Lucky Tibetan Incense Co. / Green Tara, Kailash, Kalachakra, Mila, Paljor Healing

In the last couple weeks I’ve covered some of the best Tibetan incenses available, now it’s time to move over to the other end of the spectrum. In fact and in part, the incenses here had a delaying effect on my exploration into Tibetan incense as a group of several incenses I bought at a nearby store that did little to impress. All five of these incenses come in a “gift pack” which is basically a cardboard box that packages the five boxes. This article was updated on September 22, 2008 to amend the company name to Lucky Tibetan Incense Co.

The main issue with all five of these incenses is that there’s too great a commonality among them. It gives the, perhaps incorrect, impression that all five incenses share the same base and vary in terms of essential oils or some other ingredient that strikes me as “flavoring” of a sort. While I do get the impression that it’s possible I might have picked up a box that has aged to its detriment, the fact that several of these leave a grey-bluish ash gives me the impression these incenses are comprised mostly of cheaper woods with small fractions of other ingredients to distinguish them. Some of the incenses are colored as well, Kailash blue, Kalachakra red and Green Tara being self evident. In fact the incenses that give off the blueish ash happen to be these three colored sticks and they all happen to be the incenses in the “gift pack” that are the most inferior.

Green Tara, where the gift pack gets its name, is one of the incenses that seems to be a wood base with slight flavoring and perhaps even essential oils. The base seems heavily cedarwood and not particularly high quality, with light sandalwood or sandalwood oil content. The main difference between this and the other incenses other than the green color are hints of patchouli in the front. Overall, it lacks character and has a bit of unwelcome bitterness to the burn.

Kailash is blue and presents many of the same issues with the least amount of post-wood aromatics in the group. It also has a cedarwood or similar base and presents a very dull aroma. It’s possible the oils or other aromatics had volatized from this incense during the aging, to give it the benefit of the doubt, but even were that true it should leave more of a trace than my stick has. I can’t remember seeing a Tibetan stick that had a natural color like this, so I would think there would have to be additives of a kind. There may be a bit of resin in there somewhere, but overall I had the impression that this wasn’t much more than a cedarwood “blank.” To be honest I found the almost dozen-item long ingredients list to be surprising and difficult to believe (for instance there’s not even a hint of saffron that I can tell).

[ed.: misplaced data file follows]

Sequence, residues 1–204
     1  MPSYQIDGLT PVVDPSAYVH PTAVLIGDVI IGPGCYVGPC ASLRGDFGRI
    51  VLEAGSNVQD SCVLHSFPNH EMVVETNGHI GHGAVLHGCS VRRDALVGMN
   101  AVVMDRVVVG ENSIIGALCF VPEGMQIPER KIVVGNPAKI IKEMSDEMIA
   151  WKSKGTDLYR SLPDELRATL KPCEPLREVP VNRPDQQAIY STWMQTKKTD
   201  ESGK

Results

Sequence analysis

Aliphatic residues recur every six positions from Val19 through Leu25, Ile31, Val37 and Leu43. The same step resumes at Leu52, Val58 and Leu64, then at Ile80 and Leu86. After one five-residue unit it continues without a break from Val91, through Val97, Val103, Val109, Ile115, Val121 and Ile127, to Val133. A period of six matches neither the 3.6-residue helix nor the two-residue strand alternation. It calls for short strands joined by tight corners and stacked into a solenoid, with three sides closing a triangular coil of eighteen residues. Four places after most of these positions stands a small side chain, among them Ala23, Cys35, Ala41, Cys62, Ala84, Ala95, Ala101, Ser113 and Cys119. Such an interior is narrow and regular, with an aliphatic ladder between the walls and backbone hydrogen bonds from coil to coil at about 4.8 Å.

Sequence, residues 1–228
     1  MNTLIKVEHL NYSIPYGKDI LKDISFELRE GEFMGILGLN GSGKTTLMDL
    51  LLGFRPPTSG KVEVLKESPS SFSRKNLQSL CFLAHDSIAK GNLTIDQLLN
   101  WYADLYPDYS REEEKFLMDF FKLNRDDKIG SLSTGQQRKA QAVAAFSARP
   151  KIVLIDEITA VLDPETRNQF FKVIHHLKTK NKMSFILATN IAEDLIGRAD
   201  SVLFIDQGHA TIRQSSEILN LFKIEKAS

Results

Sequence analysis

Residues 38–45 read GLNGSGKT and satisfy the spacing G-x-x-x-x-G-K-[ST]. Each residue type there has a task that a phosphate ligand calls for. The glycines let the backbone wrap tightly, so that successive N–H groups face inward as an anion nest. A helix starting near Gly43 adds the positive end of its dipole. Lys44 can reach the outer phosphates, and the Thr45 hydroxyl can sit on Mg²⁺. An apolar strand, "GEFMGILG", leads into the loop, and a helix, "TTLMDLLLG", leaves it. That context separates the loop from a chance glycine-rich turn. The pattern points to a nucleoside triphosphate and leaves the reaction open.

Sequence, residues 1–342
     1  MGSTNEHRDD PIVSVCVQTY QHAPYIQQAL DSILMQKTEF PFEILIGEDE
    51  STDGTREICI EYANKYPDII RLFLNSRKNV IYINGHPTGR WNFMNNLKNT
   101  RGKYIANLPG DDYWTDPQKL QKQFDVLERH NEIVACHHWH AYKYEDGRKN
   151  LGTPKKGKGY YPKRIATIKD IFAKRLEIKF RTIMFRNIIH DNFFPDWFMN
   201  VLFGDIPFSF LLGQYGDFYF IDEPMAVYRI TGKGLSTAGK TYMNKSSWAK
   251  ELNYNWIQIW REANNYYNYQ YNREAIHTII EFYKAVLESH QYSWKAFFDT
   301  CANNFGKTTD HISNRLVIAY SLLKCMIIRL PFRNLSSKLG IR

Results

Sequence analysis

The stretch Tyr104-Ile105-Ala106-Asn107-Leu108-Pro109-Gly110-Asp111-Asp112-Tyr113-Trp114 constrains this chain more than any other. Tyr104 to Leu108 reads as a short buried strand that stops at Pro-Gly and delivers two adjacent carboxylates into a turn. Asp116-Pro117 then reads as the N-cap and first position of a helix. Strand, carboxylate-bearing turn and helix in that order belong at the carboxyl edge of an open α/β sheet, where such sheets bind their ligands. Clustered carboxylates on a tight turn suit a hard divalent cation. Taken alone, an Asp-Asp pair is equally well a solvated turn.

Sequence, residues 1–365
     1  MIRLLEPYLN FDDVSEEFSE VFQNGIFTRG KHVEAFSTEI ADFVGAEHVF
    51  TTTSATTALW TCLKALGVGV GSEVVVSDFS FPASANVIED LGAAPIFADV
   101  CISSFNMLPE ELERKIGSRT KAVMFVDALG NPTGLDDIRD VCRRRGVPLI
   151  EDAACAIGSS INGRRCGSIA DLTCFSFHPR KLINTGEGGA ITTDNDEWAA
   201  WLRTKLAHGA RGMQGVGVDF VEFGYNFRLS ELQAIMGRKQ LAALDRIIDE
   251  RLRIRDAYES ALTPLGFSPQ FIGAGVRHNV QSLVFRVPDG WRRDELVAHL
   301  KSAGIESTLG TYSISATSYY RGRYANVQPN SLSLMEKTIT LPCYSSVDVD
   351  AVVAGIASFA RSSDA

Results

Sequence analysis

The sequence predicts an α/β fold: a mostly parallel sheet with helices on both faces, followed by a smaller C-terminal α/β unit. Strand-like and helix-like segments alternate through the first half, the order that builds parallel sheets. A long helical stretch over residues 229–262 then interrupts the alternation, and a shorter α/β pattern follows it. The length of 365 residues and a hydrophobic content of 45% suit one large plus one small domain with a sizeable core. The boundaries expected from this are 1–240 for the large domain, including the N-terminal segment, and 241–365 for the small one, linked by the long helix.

Kalachakra, while similar to the previous sticks, seems to have a slight bit of character to it. There’s, perhaps, some red sandalwood involved here that makes the the wood base differ slightly. But like Green Tara, it’s a bit bitter on the edges and seems to have very little aromatic impact over the central wood.

Mila is the first of the two tan sticks in the gift package and I believe the ash was a closer to the white/light grey you tend to get with most sticks. This is probably because the base seems to be more of a combination of sandalwood and benzoin and as such it’s slightly improved over the others. Unfortunately (and perhaps due to age) Mila’s an incredibly brittle stick, my box ended up being a container of various inch-long pieces. But at least in this case there’s some spice to liven up the aroma. And strangely enough, this appears to be the most expensive, singly, of the five incenses here.

Paljor Healing is probably the line’s incense the most akin to the typical Agar 31 blends, although I wouldn’t make the mistake of thinking there’s too much agar here (aquilaria does seem to be an ingredient). It’s a bit too similar to Mila overall, but with a slight tangy background reminiscent of the general “healing incense” style which helps to make it marginally the most interest here. And it doesn’t appear to be quite as brittle.

Overall, the Paljor incenses easily fall into the 5% of Tibetan incenses at the bottom of the heap. They lack distinction and seem to go for cheaper materials, all of which make their incenses at worst a chore to burn and at best a generic experience.